Date of Conferral



Doctor of Education (Ed.D.)




Michael Jazzar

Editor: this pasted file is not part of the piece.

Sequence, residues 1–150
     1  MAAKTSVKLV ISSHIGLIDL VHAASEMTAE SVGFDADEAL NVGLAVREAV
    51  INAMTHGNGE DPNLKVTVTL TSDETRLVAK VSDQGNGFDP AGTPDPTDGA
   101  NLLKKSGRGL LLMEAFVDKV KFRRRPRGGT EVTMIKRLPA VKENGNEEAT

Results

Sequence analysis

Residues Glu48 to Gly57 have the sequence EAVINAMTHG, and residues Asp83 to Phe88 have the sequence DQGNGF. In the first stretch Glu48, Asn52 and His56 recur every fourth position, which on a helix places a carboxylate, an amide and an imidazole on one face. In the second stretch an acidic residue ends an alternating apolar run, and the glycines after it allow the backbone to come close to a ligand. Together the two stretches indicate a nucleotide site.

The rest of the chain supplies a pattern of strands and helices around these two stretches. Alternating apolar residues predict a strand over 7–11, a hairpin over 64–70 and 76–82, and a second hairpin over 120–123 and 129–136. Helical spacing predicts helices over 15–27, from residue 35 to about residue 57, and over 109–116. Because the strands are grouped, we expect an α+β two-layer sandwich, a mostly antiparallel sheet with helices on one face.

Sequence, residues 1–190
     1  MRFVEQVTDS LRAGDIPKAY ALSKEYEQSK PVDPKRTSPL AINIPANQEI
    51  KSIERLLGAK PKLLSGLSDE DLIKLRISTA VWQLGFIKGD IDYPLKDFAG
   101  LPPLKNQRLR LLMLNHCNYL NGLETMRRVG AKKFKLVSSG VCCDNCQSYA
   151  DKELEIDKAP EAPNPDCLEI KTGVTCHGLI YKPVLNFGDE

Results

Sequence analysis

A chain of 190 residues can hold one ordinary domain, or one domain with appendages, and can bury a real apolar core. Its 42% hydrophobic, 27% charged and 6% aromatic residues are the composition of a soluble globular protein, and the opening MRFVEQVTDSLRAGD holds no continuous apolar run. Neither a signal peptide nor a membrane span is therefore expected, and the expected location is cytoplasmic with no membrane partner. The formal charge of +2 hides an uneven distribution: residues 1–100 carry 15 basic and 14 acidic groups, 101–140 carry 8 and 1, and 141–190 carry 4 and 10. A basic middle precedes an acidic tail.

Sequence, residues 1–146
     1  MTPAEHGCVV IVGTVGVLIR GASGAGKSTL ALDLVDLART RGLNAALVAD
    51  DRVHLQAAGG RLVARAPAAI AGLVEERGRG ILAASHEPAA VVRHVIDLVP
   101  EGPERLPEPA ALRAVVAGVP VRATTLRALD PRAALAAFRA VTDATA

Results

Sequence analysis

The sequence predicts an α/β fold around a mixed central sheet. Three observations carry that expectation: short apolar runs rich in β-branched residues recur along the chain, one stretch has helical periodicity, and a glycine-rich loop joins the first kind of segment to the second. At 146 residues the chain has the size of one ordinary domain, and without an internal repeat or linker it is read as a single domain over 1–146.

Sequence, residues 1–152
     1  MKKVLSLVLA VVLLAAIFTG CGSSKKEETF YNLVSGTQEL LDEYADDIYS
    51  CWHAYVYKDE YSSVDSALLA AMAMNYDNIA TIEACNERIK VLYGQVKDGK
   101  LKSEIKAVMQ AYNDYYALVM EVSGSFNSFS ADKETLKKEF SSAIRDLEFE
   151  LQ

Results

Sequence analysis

Research has shown that giving quality feedback to students, which is an aspect of formative assessment, is a high-yield strategy that educators can use to advance academic achievement and support students in their learning process. The study took place in a Virginia school division where formative assessment was not a division-wide initiative used to increase student achievement. Therefore, the purpose of this qualitative case study was to identify the perceptions of teachers and students concerning formative feedback and distinguish the types of written feedback that may influence student learning. Bandura's social cognitive theory of self-efficacy and motivation provided the conceptual framework for this study. Teachers' and students' perspectives and student work samples were analyzed to determine the types of feedback that influenced students' learning in mathematics and to gain an understanding of teachers' and students' perceptions of written formative feedback. Data were collected through interviews with 10 elementary teachers and 20 elementary third through fifth grade students at 2 elementary schools and by collecting 318 work samples of these students. Themes emerged from inductive coding, and teachers' feedback was categorized using a feedback typology to determine the types of feedback teachers gave students. The teachers' and students' understanding of written formative feedback varied but both groups found written descriptive feedback aligned with learning outcomes were most beneficial. The results could serve to improve professional development for teachers on formative feedback, which could increase student learning.

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